Pasola and Elections in Indonesia

From a Pasola competition (Nihi)

From a Pasola competition (Nihi)

By Eddy Suprapto (EDS)

SURABAYA, JAKARTA: Pasola is a game of dexterity throwing wooden javelins at each other from horseback which is part of the Marapu ritual ceremony.

Marapu is an indigenous religion of the archipelago which is adhered to by the people of Sumba Island. Marapu in the beliefs of the Sumba tribe is a God-like entity that is worshiped as the creator of the heavens and the earth.

Pasola is held by the people of western Sumba to celebrate the rice planting season. It is a form of ritual to honor Marapu in self-reflection to bring prosperity and abundant harvests.

Pasola is a type of blunted wooden spear thrown from a fast-moving horse to dismount the opponent, demonstrating skilled riding and accuracy. Pasola participants throw the wooden spears at each other from horseback like in battles.

Annual Pasola games are held by four villages in West Sumba district. The four villages include Kodi, Lamboya, Wonokaka, and Gaura. Pasola traditions in these four villages are carried out in turns, namely between February and March every year.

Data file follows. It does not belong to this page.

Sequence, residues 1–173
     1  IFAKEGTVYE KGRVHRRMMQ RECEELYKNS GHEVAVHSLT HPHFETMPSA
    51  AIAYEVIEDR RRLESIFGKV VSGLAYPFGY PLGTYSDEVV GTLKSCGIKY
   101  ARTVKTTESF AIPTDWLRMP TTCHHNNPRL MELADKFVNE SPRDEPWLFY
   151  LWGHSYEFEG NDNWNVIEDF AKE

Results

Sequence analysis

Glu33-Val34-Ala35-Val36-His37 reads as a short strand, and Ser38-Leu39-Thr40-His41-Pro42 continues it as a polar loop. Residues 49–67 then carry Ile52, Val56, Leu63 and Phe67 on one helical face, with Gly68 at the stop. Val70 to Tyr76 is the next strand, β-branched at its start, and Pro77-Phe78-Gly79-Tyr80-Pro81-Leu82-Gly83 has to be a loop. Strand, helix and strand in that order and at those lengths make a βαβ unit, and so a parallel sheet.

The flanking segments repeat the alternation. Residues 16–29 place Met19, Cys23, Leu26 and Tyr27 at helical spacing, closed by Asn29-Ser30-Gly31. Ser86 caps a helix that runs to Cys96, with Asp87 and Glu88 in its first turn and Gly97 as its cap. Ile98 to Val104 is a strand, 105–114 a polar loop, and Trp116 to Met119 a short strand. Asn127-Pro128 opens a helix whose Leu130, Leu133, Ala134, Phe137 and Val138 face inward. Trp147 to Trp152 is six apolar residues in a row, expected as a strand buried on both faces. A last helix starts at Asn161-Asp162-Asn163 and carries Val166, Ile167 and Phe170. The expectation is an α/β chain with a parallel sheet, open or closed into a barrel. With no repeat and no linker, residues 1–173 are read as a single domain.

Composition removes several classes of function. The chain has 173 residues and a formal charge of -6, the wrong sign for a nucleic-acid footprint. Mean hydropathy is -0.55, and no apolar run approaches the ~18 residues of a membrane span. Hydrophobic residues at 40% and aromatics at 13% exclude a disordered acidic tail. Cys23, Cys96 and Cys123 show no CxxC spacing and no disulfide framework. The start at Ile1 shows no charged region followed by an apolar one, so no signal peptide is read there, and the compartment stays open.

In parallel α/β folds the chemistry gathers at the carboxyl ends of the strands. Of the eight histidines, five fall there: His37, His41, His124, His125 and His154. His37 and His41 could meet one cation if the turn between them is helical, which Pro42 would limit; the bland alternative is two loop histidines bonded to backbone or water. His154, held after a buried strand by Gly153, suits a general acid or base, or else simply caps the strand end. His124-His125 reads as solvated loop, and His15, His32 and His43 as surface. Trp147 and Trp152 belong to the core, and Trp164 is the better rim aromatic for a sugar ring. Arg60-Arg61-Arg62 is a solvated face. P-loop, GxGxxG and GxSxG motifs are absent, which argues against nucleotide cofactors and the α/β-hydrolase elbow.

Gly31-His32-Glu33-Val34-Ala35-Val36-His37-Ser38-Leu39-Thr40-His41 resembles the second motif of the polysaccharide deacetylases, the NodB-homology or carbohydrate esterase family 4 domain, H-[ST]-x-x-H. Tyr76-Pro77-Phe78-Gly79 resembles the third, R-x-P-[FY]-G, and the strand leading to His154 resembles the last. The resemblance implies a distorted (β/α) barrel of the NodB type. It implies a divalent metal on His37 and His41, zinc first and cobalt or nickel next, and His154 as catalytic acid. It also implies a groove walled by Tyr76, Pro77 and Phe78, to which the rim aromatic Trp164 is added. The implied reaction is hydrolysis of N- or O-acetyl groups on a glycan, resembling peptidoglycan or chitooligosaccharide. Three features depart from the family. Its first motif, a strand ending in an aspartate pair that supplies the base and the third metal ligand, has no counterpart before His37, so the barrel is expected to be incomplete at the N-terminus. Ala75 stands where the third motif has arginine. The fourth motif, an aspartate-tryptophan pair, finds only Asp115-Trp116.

Although the agility of riding and throwing javelins at each other is like a fighter from a cavalry squad, Pasola still evokes a humanist feeling. The horsemen, after throwing javelins at each other and fighting, embrace each other and share a meal with smiles.

For residents of four villages, Pasola is an event to bond brotherhood. There are no grudges after the game is over.

Will the election contestation be like the Pasola tradition after February 14, 2024? Contestants embracing each other and eating together? Or do we as a nation that claims to be a democracy still hold grudges when we lose in election contests?

It seems we need to learn from the Pasola tradition of the Sumba tribe.

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